Tunisian growth is expected to reach 2.5% next year compared with 0.5% in 2015, Finance Minister Slim Chaker said. Growth dwindled along with tourism, which provides 7% of GDP, after terror attacks in the capital and at a beach resort killed a total of 61 people. A state of emergency imposed after the second attack, at a beach in Sousse, was just lifted two weeks ago. Losses in the tourism were projected at $515 million or more for 2015 after that attack.
“Our total needs in 2016 will be 6 billion dinar, including 3 billion dinar from external loans,” Chaker said, “We expect next year to launch a delayed sukuk Islamic financing bond for 1 billion dinar.”
Tunisia now will need $1.53 billion, or 3 billion dinars, in external financing for 2016 and intends to cut its budget deficit to 3.9% next year. The country’s deficit was expected to narrow to 3.9% of gross domestic product 9GDP) next year from an estimated 4.4 percent this year. Inflation is forecast to slow to 4% next year from the 4.5% expected in 2015. Energy subsidies will decline from 850 million dinar this year to 550 million dinar next year. As part of a plan to ease fuel subsidies gradually, Tunisia will begin a new system of automatic adjustments to petrol prices.
Since its 2011 revolution, Tunisia has made a transition to democracy, an achievement for which a quartet of organizations won the Nobel Peace Prize recently. But international lenders want more economic reforms to match its political progress. Against those demands, the government intends to manage the frustrations of ordinary Tunisians.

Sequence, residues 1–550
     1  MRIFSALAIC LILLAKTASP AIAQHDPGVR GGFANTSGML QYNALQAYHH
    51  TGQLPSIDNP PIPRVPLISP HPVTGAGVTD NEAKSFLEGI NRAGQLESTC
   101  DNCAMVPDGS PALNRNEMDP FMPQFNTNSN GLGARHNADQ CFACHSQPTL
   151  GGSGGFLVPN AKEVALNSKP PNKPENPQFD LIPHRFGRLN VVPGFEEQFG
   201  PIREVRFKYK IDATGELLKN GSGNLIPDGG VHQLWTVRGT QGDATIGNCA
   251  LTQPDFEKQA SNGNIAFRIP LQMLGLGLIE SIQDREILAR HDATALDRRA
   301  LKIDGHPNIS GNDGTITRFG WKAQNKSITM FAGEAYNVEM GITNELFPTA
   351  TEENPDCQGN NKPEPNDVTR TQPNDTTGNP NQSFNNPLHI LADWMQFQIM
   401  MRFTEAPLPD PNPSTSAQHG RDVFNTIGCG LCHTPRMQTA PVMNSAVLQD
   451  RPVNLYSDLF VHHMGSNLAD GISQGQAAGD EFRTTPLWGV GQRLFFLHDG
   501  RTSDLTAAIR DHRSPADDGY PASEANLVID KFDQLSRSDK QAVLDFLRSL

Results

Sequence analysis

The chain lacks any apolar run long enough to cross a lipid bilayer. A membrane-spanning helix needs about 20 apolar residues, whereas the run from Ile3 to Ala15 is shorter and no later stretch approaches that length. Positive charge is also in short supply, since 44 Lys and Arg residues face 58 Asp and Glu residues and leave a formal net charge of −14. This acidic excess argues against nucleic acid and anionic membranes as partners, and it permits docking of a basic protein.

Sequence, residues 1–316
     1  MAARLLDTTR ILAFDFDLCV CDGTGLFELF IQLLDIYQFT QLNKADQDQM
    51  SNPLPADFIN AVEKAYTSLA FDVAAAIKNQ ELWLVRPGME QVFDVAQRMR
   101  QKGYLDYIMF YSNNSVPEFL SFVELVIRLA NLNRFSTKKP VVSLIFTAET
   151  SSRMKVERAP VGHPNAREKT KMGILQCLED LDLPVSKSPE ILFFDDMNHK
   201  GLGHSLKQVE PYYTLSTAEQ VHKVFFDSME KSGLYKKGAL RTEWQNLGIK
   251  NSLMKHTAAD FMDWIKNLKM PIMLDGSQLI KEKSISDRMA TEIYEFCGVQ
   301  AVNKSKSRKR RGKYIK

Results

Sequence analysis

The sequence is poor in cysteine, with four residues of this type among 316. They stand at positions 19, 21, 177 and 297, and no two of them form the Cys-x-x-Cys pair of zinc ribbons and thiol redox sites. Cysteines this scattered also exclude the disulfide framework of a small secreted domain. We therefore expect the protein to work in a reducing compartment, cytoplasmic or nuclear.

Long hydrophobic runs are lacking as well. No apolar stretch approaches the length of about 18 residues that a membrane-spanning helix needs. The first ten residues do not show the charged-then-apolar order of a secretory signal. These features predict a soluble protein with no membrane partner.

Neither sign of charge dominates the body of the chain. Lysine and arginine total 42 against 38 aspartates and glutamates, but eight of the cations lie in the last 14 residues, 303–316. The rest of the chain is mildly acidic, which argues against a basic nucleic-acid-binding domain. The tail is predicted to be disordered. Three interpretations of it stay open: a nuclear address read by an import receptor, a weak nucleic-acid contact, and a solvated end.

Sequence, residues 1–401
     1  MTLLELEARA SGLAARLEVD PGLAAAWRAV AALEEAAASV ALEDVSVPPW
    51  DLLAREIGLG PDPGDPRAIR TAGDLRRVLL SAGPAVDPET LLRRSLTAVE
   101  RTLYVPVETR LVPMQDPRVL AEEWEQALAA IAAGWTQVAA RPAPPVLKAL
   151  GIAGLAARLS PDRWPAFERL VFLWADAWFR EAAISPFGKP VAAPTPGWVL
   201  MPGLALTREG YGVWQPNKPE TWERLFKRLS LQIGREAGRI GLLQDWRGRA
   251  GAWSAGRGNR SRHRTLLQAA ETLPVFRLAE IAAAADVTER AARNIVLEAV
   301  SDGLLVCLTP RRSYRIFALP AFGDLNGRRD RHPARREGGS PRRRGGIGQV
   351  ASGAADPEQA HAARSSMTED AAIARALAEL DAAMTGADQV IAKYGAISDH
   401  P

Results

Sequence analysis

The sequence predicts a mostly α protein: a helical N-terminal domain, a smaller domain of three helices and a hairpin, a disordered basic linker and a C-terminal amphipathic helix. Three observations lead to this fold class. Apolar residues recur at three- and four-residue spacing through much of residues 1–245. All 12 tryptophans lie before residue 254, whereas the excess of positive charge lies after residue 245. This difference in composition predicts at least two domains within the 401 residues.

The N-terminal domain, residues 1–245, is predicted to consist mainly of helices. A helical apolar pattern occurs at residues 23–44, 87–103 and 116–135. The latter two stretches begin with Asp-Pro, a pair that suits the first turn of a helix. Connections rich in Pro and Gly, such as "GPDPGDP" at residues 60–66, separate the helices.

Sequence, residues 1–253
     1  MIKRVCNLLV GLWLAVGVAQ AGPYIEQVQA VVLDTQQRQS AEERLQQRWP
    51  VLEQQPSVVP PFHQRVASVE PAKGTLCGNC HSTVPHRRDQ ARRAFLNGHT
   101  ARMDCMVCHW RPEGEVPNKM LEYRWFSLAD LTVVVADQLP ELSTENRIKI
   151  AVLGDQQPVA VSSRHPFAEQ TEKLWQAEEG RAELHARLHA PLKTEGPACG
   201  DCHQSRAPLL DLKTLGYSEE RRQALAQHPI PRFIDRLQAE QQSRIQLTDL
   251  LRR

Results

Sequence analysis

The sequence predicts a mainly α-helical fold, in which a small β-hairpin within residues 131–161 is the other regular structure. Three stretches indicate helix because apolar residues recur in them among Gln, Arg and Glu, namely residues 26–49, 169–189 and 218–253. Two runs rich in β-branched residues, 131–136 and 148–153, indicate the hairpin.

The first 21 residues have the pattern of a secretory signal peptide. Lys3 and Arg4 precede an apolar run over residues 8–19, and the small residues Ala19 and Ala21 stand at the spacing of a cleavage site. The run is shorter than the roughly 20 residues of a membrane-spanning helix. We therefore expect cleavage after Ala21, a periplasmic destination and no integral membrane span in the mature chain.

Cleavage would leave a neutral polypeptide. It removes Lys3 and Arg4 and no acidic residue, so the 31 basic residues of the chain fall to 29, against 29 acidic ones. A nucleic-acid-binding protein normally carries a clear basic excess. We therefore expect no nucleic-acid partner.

Tunisia, officially known as the Tunisian Republic or the Republic of Tunisia is the northernmost country in Africa, covering 165,000 sq km (64,000 sq mi). Its northernmost point, Ras ben Sakka, is the northernmost point on the African continent. It is bordered by Algeria to the west, Libya to the southeast, and the Mediterranean Sea to the north and east. As of 2013, its population is estimated at just under 10.8 million. Its name is derived from its capital city, Tunis, which is located on the country’s northeast coast. It has a high human development index. It has an association agreement with the European Union and is a member of La Francophonie, the Union for the Mediterranean, the Arab Maghreb Union, the Arab League, the OIC, the Greater Arab Free Trade Area, the Community of Sahel-Saharan States, the African Union, the Non-Aligned Movement, the Group of 77 and obtained the status of Major non-NATO ally. In addition, Tunisia is also a state party the principal world’s institutions such as the United Nations or the International Criminal Court. Close relations with Europe – in particular with France and with Italy – have been forged through economic cooperation, privatisation and industrial modernization.